Run – I find a good building run is again a really challenging yet mentally rewarding session. Knowing I have completed some really hard runs where I am required to run hard over the final 15 minutes of a 60-minute run really helps me dig deep on race day and givens me the confidence in my ability to do this under race conditions”.
What would be your best advice to athletes in terms of maintaining a love for the sport and longevity in terms of their racing?
“I think the most important thing is you need to enjoy it. You need to be able to listen to your body and have the discipline to rest and recover when needed. I have a rest day every week during my off season and every two weeks in my peak training season will take a complete day off and away from triathlon. I think also keeping on top of your strength work, stretching and massage will help keep the body well maintained. You also need to have goals! That is what drives me and motivates me every day, it will keep you accountable and make the process of training enjoyable and rewarding”.
What would be your top 5 tips for an athlete moving from the short course distance (sprint/OD) up to the 70.3?
“Keep some speed sessions in the swim, I found my swim training between these two distances relatively similar. Make sure you include some long rides, I think at least 2-3 four-hour rides before the big day. I think it is important to have regular long runs (90 minutes or so) but also equally as important to keep some speed in the run training too. Nutrition is also such an important aspect of long course racing, and needs to be well practiced in training”.
To date, what have been achievements in the world of triathlon?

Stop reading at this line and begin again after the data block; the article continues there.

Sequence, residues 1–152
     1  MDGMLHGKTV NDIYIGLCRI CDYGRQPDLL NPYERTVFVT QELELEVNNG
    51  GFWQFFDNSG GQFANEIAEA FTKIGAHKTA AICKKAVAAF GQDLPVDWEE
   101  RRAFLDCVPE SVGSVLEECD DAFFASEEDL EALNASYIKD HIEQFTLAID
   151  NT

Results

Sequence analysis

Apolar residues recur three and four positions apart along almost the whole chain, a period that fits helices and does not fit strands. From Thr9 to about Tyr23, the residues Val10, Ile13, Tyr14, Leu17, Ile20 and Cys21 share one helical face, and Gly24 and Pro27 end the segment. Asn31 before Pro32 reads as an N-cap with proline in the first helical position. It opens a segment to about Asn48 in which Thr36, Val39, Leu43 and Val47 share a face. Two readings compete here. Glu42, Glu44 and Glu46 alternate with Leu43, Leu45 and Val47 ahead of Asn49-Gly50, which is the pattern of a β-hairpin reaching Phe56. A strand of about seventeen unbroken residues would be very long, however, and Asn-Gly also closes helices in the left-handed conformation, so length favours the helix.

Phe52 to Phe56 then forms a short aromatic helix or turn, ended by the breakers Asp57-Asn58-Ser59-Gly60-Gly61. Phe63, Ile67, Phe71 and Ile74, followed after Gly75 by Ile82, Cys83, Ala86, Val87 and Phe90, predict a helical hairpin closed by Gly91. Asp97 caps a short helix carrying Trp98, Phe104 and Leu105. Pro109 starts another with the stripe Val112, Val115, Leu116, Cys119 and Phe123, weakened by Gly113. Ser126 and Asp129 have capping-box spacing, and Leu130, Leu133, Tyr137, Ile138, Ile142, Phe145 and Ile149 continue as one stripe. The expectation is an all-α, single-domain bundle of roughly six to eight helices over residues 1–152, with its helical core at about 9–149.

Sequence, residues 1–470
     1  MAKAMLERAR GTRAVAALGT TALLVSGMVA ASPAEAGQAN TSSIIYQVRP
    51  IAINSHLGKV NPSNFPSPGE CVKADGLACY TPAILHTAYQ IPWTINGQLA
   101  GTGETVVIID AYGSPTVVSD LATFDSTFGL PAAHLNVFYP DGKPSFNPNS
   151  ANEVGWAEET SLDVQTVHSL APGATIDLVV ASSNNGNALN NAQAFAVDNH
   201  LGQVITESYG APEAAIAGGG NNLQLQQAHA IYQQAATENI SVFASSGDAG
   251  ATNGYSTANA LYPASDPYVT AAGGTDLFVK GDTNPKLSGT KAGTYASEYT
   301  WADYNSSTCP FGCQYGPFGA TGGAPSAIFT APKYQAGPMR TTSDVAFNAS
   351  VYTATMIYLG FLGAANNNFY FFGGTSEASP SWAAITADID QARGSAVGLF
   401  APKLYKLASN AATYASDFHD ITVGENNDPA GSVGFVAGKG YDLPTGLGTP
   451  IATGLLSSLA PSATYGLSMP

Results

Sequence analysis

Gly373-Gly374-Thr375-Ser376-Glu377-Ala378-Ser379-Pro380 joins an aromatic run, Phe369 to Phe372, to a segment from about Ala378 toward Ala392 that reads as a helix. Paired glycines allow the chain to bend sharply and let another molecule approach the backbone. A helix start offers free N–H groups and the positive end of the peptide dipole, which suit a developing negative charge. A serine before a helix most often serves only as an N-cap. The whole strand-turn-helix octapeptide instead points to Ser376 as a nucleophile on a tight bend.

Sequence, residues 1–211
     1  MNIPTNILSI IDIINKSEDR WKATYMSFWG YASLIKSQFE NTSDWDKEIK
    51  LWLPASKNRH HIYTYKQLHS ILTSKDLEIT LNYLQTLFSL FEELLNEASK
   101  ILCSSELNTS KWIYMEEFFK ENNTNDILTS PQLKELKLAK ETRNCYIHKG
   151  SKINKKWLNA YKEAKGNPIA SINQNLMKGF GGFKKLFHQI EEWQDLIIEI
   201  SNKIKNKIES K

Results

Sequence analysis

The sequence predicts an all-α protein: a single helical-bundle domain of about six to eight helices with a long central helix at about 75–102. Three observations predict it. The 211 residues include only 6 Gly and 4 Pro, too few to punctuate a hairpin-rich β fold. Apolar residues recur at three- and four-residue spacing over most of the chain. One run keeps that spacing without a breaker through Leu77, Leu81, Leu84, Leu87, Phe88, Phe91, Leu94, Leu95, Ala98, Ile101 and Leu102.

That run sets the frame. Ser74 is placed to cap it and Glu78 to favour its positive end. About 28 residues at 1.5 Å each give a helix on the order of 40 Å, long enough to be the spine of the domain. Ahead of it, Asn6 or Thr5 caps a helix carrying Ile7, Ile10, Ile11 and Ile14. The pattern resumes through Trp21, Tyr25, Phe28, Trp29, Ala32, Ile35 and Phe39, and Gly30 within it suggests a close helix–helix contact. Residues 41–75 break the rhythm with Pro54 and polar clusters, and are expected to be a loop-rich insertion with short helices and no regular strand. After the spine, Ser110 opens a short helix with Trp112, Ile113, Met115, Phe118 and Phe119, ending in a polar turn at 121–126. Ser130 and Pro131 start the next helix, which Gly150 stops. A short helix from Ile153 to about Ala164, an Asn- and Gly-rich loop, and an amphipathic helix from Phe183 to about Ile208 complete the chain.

1: Challenge Melbourne 2016 winner – this really validated for me that I had made the right choice with my training and racing and had found my love again for the sport.
2: Silver Medal at the 2010 Youth Olympics
3: Boulder 70.3 2018 Winner – for me this is like a home race
4: 8th Professional Female at the 2018 70.3 World Championships in South Africa
5: 70.3 Los Cabos 2018 Winner
What would be your favourite 70.3 races and why?
“My favourite destination to race would be Cozumel, it is so beautiful there and I love racing in the heat and humidity. I also love the course at Boulder. It is a hilly bike and the run is mostly on trails, it is also at altitude which makes it even tougher”.
I am so grateful to Ellie for taking the time out of her busy day right off the heels of a runner up placing at Geelong 70.3 only two days prior to having a coffee with me in the heat and humidity of a Brisbane summers day. Ellie is the type of person who just boasts a true love and enjoyment for the sport and having heard her story, is truly thankful she returned to the sport where she still clearly has so much more to give. Her beaming smile radiates confidence and her attitude to training and racing is the perfect example of how hard work, consistency and self-belief can conquer all. Ellie will soon leave Brisbane and head to the USA in preparation for 70.3 Oceanside in early April. Ellie has a swag of 70.3 races coming up over the course of 2019 all with goal of lining up for the 2019 70.3 World Championships in Nice to be the number one female athlete in the world. Ellie is a star to watch and even more importantly a genuinely lovely, kind hearted and caring individual who is one to keep your eye on in the year ahead. No doubt all of us as athletes can take home something from Ellie’s sharing’s!
Until next time…
Coach Em Quinn
By T:Zero Head Coach Emma Quinn with guest Dr Kellie Pritchard-Peschek